Okay, today is Louise Fazenda’s birthday; yesterday was Tom Howard’s. I recently visited Joe Cook’s house and an exhibition about his life and career, and TCM played Rain or Shine a couple of weeks ago (I watched this past weekend). The stars are obviously aligned for a post about this movie.
Rain or Shine (1930) was the culmination of the career of a man many people thought was the top performer in show business. Today scarcely anyone remembers either Joe Cook or this movie or the Broadway show it was based on. There is a lesson there of some sort. I don’t think Cook deserved his present obscurity; but you just don’t know what people will remember.
You can read my full article about Cook here. He was regarded as one of the most skilled performers in vaudeville and certainly one of its top stars. Interestingly, unlike most of the top performers, Cook’s core (non-comic) skills were not as a singer or a dancer (although he could do those things) but as an acrobat. He was an amazing juggler, he could walk a slackwire, he could walk up a ramp atop a large ball. He had about ten other similar skills and then on TOP of this he was a brilliant, very zany comedian, very surreal, not unlike Ed Wynn or Groucho Marx or Bobby Clark. He did monologues, but he also used funny props. From vaudeville he stepped into Broadway revues (Earl Carroll’s Vanities) in the 1920s, and from there into his own solo vehicle, designed to showcase all his talents. Rain or Shine ran on Broadway for almost the entirety of 1928.
Based on the strength of its stage success, Columbia acquired the show and cast members Cook, his stooge Dave Chasen, and Tom Howard to appear in it, and assigned the studio’s best director Frank Capra to direct it (four years before the breakthrough It Happened One Night). A circus story with the usual circus plot (so as to showcase Cook’s unique skills) Rain or Shine reminds me a lot of Marilyn Miller’s Sunny or W.C. Fields’ Poppy.
The Obligatory Romantic Plot
Former silent comedy star Louise Fazenda plays a young lady who has inherited a circus from her father but business has taken a downturn. Cook plays the circus manager who vows to save the show for her. William Collier Jr is his rival for the girl (and the more successful one – Cook, being a “clown”, can’t get the girl by definition, he just gets pathos). Collier is the male ingenue. His character has money he can invest in the show and he also wants to marry Miller.
For comic relief, Tom Howard plays a local businessman who comes demanding payment on bills and gets swindled by Cook into being a partner in the circus. (Cook does a lot of his patented “doubletalk” in the film). Dave Chasen was of course Cook’s stooge on stage and screen. In the film I find him to come across as a rather annoying unfunny semi-mute….but interesting as a historical curiosity. (not unlike Fred Sanborn, Ted Healy’s fourth stooge). With his mop of big curly hair he seems like a third rate Harpo Marx.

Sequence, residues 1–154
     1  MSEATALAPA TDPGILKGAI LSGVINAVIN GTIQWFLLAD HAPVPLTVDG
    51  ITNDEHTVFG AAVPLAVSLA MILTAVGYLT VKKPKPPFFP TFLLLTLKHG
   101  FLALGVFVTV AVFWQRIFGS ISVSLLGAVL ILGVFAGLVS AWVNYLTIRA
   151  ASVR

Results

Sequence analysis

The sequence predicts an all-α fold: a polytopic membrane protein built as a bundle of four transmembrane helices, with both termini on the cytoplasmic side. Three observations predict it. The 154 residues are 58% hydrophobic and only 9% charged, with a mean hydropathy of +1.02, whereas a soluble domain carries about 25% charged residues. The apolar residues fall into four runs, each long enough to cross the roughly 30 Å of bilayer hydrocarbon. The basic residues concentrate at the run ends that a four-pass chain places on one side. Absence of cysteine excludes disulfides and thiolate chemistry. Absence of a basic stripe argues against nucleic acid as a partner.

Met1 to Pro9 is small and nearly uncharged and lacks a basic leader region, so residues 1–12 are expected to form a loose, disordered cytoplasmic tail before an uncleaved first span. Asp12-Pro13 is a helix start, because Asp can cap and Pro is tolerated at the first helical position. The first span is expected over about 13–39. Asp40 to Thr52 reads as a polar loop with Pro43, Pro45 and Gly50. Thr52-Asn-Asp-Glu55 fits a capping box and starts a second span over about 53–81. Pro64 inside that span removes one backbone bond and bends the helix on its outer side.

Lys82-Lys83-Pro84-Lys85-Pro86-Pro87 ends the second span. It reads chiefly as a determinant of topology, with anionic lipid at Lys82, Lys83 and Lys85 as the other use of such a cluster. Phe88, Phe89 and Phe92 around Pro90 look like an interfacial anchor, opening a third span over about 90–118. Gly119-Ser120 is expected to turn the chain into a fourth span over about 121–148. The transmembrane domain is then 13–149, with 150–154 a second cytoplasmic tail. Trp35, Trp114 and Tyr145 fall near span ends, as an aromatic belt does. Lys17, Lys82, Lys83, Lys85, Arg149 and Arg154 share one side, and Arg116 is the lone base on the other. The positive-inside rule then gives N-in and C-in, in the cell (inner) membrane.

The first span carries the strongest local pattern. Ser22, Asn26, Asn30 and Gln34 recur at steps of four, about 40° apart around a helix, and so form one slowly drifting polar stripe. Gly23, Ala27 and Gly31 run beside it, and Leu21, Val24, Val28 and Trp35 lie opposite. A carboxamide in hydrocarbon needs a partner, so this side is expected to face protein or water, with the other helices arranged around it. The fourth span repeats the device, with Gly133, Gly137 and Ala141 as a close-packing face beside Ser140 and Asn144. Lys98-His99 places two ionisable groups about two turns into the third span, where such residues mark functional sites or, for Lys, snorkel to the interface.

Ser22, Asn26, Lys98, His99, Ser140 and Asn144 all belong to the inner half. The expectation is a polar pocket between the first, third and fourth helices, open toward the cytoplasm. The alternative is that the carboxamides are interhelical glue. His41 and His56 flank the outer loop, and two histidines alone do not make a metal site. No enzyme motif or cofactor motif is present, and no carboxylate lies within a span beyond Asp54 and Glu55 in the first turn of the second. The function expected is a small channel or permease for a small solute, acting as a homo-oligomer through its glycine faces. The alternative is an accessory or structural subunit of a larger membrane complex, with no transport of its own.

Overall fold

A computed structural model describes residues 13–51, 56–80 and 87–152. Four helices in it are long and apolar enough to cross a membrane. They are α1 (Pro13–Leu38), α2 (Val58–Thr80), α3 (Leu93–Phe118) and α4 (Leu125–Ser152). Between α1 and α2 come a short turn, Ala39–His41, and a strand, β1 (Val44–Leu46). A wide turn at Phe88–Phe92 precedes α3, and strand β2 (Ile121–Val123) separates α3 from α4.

At all events, while the main circus plot is going on, a couple of ruthless guys at the circus plot a takeover and organize a strike.(none of the performers have been paid in weeks). Other highlights of the film include a brawl, the titular rain storm, and a circus fire. They survive it all! (BTW, the show was originally a musical so there would have been songs as well, but these were cut from the film to accommodate changing tastes.) At the climax of the film, (a showcase for Cook’s famously diverse vaudeville skills) Cook fills in for all the other circus performers, doing their tricks, ball walking, slackwire, etc. Undeniably impressive.
Rain or Shine is an uneasy mix. Capra likes to craft real stories with “heart”…whereas Cook, Howard and Chasen are zanies. There is one scene where the tension is greatest, when there is an ebgagement dinner at Collier’s family’s mansion and the plan is to impress his rich parents so our heroes can get money for the circus. But Cook and company embarrass her and tip their hand. But the comedians are too crazy in the scene – it’s a bit of a vaudeville routine, and doesn’t accomplish what the scene is designed to because nothing real transpires. It’s funny but doesn’t serve the plot. It’s interesting because it’s the same sort of conundrum the Marx Brothers would face when they began to make pictures with MGM. An internal conflict between the surreal and the real.
I’m on the fence though about Cook’s thespians skills, and somehow he clearly didn’t click with movie audiences. He returned to Broadway and did a couple more shows which did moderately well and didn’t return to films for five years, in a series of low budget shorts with Al Christie. And he also made a low-budget western called Arizona Mahoney and a bunch of additional Broadway shows, culminating n It Happened on Ice (1941), his last hoorah.
Rain or Shine is an interesting curio, and I’d been dying to see it for over a decade so was thrilled to get to finally watch it.
To find out about the history of vaudeville, consult No Applause, Just Throw Money: The Book That Made Vaudeville Famous, available at Amazon, Barnes and Noble, and wherever nutty books are sold.
To learn more about comedy film history please check out my new book: Chain of Fools: Silent Comedy and Its Legacies from Nickelodeons to Youtube, just released by Bear Manor Media, also available from amazon.com etc etc etc